Barclays cut its stake in Barclays Africa Group (formerly Absa) to 15 percent sooner than expected on Thursday, ending more than 90 years as a major presence in the continent.
The British bank, which under chief executive Jes Staley is firmly focused on Britain and the U.S., said it was selling £2.2 billion ($2.83 billion) worth of shares in Barclays Africa Group due to strong investor demand.
Barclays had said on Wednesday it would sell shares worth £1.5 billion in its second such sale since announcing plans to offload most of its African business to focus on the UK and the U.S.
The bigger share sale initially lifted shares in Barclays, which is partly relying on the funds raised to meet capital requirements identified as a concern by the Bank of England in November.
Barclays Plc had secured approval from Finance Minister Malusi Gigaba to sell down its stake in its regional unit, Barclays Africa to below 50 percent, Barclays Africa said on Wednesday.
Barclays said in March 2016 it would sell most of its 62.3 percent stake in Barclays Africa Group, giving itself two to three years to complete the sale. Its first sell down of 12.2 percent was completed in May 2016, but the bank had since been hindered by regulatory delays and political upheaval in South Africa.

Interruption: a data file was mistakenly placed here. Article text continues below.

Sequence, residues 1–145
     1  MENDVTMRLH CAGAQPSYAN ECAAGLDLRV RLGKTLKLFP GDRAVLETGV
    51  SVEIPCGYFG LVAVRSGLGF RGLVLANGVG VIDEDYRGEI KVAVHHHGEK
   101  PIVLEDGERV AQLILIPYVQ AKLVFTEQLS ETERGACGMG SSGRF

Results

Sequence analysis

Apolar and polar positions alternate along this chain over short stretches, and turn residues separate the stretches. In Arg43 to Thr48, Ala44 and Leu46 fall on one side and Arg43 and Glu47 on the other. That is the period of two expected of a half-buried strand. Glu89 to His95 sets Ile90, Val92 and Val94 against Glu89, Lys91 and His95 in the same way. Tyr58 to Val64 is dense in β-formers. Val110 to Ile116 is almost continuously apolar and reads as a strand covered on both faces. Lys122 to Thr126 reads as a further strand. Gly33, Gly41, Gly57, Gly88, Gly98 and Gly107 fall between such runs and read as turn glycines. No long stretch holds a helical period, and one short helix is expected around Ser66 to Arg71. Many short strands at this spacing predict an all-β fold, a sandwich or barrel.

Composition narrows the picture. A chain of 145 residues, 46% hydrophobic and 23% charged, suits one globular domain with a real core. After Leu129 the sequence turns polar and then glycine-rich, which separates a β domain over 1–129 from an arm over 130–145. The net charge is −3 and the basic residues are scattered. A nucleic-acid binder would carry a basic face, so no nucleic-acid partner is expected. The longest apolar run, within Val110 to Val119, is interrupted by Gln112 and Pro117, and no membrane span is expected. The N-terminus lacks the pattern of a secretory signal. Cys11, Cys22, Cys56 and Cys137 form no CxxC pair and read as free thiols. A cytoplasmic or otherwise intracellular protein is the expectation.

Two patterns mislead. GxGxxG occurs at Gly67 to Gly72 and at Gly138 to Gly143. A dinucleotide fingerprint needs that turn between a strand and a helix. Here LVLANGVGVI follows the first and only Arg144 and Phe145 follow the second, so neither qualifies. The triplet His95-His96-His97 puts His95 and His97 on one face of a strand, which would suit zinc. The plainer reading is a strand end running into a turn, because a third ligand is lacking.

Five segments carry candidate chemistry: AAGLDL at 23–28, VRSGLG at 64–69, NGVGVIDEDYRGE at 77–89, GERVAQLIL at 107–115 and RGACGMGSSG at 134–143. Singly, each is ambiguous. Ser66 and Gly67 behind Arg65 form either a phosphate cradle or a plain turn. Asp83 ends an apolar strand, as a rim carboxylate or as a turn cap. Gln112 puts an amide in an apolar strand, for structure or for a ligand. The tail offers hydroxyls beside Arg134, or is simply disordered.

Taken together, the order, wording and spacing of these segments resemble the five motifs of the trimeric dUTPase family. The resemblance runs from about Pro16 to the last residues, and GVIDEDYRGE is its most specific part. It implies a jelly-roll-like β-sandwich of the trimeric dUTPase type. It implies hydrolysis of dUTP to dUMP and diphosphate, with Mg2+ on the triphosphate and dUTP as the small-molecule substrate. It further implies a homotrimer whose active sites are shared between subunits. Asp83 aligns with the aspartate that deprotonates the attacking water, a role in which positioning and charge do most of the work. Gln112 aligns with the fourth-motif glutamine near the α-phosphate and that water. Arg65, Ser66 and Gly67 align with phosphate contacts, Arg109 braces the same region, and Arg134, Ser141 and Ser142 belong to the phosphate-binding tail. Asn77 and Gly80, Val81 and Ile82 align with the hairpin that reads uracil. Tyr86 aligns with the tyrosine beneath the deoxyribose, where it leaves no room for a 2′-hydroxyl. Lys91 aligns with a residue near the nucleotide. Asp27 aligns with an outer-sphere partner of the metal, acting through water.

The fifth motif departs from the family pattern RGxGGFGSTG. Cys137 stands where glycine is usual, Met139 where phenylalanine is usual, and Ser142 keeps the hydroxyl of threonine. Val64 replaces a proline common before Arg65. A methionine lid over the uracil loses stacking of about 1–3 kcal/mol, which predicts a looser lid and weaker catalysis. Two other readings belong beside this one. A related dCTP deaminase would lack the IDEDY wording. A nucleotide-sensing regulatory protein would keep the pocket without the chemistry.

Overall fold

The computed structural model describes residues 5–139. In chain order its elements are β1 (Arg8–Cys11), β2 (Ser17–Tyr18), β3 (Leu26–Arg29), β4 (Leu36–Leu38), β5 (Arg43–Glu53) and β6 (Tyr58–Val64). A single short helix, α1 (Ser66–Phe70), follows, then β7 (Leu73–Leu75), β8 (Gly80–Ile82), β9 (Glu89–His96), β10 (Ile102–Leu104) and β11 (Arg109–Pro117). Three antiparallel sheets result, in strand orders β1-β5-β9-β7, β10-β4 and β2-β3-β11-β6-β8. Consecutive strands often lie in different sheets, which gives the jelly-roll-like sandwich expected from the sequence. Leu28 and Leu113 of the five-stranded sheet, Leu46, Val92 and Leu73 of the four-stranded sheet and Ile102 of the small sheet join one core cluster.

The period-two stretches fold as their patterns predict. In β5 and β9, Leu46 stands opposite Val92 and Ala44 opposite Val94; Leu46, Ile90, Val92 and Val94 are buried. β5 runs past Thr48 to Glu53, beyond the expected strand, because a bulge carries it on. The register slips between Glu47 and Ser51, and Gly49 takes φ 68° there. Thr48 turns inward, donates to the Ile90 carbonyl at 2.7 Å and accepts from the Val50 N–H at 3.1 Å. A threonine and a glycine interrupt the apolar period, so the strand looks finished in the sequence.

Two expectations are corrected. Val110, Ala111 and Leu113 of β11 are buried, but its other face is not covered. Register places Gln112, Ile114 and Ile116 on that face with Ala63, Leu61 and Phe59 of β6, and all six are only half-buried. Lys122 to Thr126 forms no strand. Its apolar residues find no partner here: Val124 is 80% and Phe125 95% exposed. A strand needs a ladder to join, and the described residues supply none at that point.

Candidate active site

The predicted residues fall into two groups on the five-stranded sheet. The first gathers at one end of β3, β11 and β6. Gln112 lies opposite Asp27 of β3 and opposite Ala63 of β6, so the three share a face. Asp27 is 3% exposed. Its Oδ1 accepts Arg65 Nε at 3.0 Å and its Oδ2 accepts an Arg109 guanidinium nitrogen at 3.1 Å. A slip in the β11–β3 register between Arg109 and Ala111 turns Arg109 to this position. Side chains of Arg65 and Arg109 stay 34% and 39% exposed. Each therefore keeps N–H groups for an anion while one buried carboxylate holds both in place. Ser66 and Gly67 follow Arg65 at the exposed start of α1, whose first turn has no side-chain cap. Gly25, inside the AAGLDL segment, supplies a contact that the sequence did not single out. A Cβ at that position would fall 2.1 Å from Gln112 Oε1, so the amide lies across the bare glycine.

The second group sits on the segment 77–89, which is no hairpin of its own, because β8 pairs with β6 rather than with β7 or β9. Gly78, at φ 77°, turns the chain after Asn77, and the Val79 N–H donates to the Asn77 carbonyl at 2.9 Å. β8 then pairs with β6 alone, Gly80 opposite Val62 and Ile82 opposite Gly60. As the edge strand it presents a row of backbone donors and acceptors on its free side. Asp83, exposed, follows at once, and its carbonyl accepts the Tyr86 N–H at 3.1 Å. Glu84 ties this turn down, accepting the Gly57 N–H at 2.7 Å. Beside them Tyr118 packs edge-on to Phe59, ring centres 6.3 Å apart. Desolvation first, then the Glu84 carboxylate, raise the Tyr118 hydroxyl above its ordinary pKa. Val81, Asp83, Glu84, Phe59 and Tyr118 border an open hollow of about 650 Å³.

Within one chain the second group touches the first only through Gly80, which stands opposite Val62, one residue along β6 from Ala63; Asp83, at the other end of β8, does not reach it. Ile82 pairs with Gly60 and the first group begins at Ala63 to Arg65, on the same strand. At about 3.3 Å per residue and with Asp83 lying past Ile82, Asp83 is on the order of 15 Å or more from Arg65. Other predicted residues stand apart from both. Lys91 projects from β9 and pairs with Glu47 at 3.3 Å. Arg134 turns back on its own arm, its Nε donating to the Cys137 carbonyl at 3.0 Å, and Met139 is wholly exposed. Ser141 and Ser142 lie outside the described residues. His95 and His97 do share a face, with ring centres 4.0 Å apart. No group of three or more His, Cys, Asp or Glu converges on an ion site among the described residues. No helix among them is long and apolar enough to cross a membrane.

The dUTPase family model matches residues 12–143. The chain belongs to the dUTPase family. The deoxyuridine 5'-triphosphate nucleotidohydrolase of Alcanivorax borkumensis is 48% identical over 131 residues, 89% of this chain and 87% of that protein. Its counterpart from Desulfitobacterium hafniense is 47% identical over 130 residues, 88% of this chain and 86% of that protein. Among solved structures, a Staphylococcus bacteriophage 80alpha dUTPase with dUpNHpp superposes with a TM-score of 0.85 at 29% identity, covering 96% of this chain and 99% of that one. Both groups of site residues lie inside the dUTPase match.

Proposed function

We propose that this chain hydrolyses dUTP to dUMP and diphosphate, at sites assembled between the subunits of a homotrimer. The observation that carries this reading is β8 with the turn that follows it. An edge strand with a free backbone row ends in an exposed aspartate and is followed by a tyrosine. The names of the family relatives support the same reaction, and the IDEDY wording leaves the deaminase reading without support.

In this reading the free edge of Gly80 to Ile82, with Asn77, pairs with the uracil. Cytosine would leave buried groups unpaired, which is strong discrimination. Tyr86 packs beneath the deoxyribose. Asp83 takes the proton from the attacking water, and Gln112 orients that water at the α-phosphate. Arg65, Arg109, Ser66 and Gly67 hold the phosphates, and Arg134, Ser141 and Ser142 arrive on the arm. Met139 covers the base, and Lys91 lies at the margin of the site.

Since taking over 18 months ago, Staley has scaled back the bank's geographic footprint and emphasized investment banking, although his attempts to revitalize this business have been clouded by investigations in the U.S. and Britain.
Staley has also faced criticism from investors following his attempts to unmask a whistleblower, which Barclays insiders fear could unseat him if the findings of inquiries are damning.
Barclays also faces regulatory obstacles, with an ongoing probe by Britain's Serious Fraud Office (SFO) into its 2008 cash call at the height of the financial crisis and allegations by the U.S. Department of Justice (DOJ) over mortgage mis-selling.
The sale was a "historic moment", said Barclays Africa Group Limited chief executive Maria Ramos, reported Fin24.
Barclays said it would sell the shares to large investors, including South Africa's Public Investment Corporation (PIC). Barclays Africa Group is now a standalone, integrated Pan-African business, owned by both local and international diversified shareholders.
Ramos was speaking at the bank's headquarters in Johannesburg on Thursday, reported Fin24:
"This is a defining moment for Barclays Africa, a significant opportunity to determine our own destiny and make our own decisions on what is right for a standalone African business," she said.
Being a subsidiary of large international group is "hugely beneficial", said Ramos. "But it comes with huge friction costs." Being a standalone business will allow the bank to "think quite openly and creatively" about where it wants to be in future.